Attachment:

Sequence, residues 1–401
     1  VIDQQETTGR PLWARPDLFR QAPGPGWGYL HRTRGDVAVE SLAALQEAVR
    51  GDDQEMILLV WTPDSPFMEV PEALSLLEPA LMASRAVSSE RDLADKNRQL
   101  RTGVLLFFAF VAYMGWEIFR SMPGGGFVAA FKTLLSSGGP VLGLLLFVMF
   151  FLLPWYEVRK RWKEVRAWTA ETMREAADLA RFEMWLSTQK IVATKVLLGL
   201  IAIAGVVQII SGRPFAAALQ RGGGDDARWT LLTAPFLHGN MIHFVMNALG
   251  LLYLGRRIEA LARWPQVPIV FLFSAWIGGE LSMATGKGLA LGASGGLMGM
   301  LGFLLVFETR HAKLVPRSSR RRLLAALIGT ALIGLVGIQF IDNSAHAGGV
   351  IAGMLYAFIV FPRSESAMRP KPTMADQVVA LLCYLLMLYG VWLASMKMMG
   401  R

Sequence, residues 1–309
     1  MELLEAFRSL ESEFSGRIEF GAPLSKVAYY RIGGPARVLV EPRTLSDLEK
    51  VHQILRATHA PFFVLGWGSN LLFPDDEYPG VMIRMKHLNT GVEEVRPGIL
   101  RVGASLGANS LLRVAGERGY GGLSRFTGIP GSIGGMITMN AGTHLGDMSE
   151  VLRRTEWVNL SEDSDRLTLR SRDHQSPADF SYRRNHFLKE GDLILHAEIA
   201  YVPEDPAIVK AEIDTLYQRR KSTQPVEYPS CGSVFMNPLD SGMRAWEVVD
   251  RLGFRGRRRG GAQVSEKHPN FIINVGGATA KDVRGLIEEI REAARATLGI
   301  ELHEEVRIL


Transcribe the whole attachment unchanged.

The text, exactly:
Sequence, residues 1–401
     1  VIDQQETTGR PLWARPDLFR QAPGPGWGYL HRTRGDVAVE SLAALQEAVR
    51  GDDQEMILLV WTPDSPFMEV PEALSLLEPA LMASRAVSSE RDLADKNRQL
   101  RTGVLLFFAF VAYMGWEIFR SMPGGGFVAA FKTLLSSGGP VLGLLLFVMF
   151  FLLPWYEVRK RWKEVRAWTA ETMREAADLA RFEMWLSTQK IVATKVLLGL
   201  IAIAGVVQII SGRPFAAALQ RGGGDDARWT LLTAPFLHGN MIHFVMNALG
   251  LLYLGRRIEA LARWPQVPIV FLFSAWIGGE LSMATGKGLA LGASGGLMGM
   301  LGFLLVFETR HAKLVPRSSR RRLLAALIGT ALIGLVGIQF IDNSAHAGGV
   351  IAGMLYAFIV FPRSESAMRP KPTMADQVVA LLCYLLMLYG VWLASMKMMG
   401  R

Sequence, residues 1–309
     1  MELLEAFRSL ESEFSGRIEF GAPLSKVAYY RIGGPARVLV EPRTLSDLEK
    51  VHQILRATHA PFFVLGWGSN LLFPDDEYPG VMIRMKHLNT GVEEVRPGIL
   101  RVGASLGANS LLRVAGERGY GGLSRFTGIP GSIGGMITMN AGTHLGDMSE
   151  VLRRTEWVNL SEDSDRLTLR SRDHQSPADF SYRRNHFLKE GDLILHAEIA
   201  YVPEDPAIVK AEIDTLYQRR KSTQPVEYPS CGSVFMNPLD SGMRAWEVVD
   251  RLGFRGRRRG GAQVSEKHPN FIINVGGATA KDVRGLIEEI REAARATLGI
   301  ELHEEVRIL